Ted Cruz Is No Ronald Reagan | The American Spectator | USA News and Politics
Ted Cruz Is No Ronald Reagan
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Towards the conclusion of his 2,700 word plus article on Ted Cruz’s forthcoming GOP presidential bid announcement, Jeff Lord acknowledges, “Ted Cruz is, of course, not Ronald Reagan. As with every other human on the planet, there was only one Reagan.”

Yet this does not prevent Jeff from making 67 other references to Ronald Reagan in his piece.

I just don’t see it.

Now don’t get me wrong. Ted Cruz has very quickly found his way to the national stage. But then again so did Barack Obama. And much like Obama, he’s throwing his hat into ring scarcely two years into his Senate term without much in the way of achievement. While the two men are diametrically opposed ideologically, I see more parallels between Cruz and Obama than I do with Cruz and Reagan.

If you strip away the Reagan references in Jeff’s article there’s not much left. Jeff praises Cruz’s “bold plan to defund Obamacare” and “holding Senate Republicans accountable in a vote to raise the debt limit,” but these efforts ultimately went nowhere. OK, I liked it when Cruz held Chuck Hagel’s feet to the fire and didn’t like it when John McCain undercut that effort. But Jeff also praises Cruz for walking out of a conference of Middle East Christians when he thought Israel was being booed. However, Cruz’s abrupt exit bewildered conservatives like Kathryn Jean Lopez, Matt K. Lewis, Mollie Hemingway and Ross Douthat.

Cruz reminds Jeff of Reagan because of his use of “line in the sand” tactics noting that it was “something Reagan used repeatedly as candidate and president.” But this is where I think you will find the biggest difference between Reagan and Cruz. Reagan knew when it was time to fight and knew when it was time to work with the Jesse Unruhs and the Tip O’Neills of the world. Reagan knew how to pick his battles and I don’t think Cruz has quite mastered this yet. This isn’t to say that Cruz can’t adapt. Indeed there is some indication that he is adapting. Although Cruz opposed Senate Majority Leader Mitch McConnell’s deal with Democrats to keep funding DHS without stopping Obama’s executive orders on immigration, he did not take measures to block the deal. Curiously, Jeff did not mention this particular detail when he assailed McConnell for caving in to Democrats.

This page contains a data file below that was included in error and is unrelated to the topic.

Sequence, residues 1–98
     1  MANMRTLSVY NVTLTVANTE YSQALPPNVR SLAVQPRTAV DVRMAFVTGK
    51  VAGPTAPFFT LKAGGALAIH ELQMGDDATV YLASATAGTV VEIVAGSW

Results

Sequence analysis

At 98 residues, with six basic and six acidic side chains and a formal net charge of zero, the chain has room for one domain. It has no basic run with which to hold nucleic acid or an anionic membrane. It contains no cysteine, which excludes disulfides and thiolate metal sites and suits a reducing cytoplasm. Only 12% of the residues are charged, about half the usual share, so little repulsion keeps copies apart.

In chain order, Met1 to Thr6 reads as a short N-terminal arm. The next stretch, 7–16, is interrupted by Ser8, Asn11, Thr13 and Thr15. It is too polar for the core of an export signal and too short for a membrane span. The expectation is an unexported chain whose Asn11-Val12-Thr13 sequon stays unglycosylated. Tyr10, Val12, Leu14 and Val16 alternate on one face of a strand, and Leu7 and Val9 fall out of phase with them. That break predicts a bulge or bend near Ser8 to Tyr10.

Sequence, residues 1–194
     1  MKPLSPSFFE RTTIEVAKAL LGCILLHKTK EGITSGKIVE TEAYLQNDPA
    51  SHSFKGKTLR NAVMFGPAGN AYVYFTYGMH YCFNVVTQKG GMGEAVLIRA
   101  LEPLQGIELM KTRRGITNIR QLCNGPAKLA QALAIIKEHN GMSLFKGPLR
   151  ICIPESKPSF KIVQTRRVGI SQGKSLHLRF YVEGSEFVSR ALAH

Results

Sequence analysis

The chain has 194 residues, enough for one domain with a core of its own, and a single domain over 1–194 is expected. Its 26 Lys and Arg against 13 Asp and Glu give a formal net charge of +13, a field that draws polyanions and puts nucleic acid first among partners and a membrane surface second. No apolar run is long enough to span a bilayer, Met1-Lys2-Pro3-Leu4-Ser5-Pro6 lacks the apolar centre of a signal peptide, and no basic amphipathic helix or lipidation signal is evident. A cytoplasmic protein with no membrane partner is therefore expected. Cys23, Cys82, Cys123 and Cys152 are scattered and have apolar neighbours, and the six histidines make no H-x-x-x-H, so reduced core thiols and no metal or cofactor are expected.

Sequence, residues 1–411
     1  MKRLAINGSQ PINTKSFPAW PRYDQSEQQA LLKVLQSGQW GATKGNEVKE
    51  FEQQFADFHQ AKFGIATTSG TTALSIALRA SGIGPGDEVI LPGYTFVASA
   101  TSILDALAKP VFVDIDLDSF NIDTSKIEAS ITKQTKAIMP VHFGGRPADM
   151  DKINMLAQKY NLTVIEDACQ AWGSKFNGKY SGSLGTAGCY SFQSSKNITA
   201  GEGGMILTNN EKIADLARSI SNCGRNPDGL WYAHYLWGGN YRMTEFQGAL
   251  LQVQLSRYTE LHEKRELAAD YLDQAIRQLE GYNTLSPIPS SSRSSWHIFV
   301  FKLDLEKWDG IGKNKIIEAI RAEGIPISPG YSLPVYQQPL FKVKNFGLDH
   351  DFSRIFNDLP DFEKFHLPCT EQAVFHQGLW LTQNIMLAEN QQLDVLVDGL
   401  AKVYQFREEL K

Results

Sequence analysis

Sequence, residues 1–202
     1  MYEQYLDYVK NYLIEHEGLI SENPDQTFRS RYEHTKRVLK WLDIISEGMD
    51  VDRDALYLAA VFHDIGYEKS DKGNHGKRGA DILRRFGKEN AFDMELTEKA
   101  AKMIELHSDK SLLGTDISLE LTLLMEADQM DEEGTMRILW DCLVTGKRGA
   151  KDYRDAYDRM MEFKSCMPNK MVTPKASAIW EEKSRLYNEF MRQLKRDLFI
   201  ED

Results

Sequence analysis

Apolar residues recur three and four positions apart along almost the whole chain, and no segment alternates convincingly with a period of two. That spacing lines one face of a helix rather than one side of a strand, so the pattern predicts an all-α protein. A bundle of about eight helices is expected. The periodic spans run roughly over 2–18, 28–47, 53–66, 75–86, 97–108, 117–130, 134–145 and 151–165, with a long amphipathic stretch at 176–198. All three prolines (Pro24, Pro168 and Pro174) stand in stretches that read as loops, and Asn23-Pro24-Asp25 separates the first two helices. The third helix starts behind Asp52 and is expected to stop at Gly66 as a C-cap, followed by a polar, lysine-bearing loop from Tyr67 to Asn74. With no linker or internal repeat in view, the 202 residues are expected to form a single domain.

If there is a Republican presidential aspirant who I would consider Reaganesque, it would be Scott Walker. His legendary battles with public sector unions remind me of Reagan’s battles with the air traffic controllers as well as his battle with communists when he was President of the Screen Actors Guild. But I wouldn’t argue that Scott Walker is a modern day Ronald Reagan. Although they might both come from humble beginnings and have a midwestern sensibility about them, Walker was born a year after Reagan was first elected Governor of California. No one who was born in 1967 like Walker (or in 1970 like Cruz) can understand what it was like to live through the Great Depression and WWII. Walker, Cruz and every other GOP presidential hopeful’s life experiences aren’t those of Reagan. We can learn from Reagan, but we can’t live in his time.

I like Scott Walker because I think he is the Republican who has best demonstrated that he can govern, knows how to pick his battles and win them. Ted Cruz has not convinced me of this capability. Of course, Cruz may rise to the occasion and convince Republicans that he can govern and choose his battles wisely, myself included. If Ted Cruz does win the GOP nomination, he will have to earn it as Ted Cruz, not as Ronald Reagan. In other words, let Reagan be Reagan.

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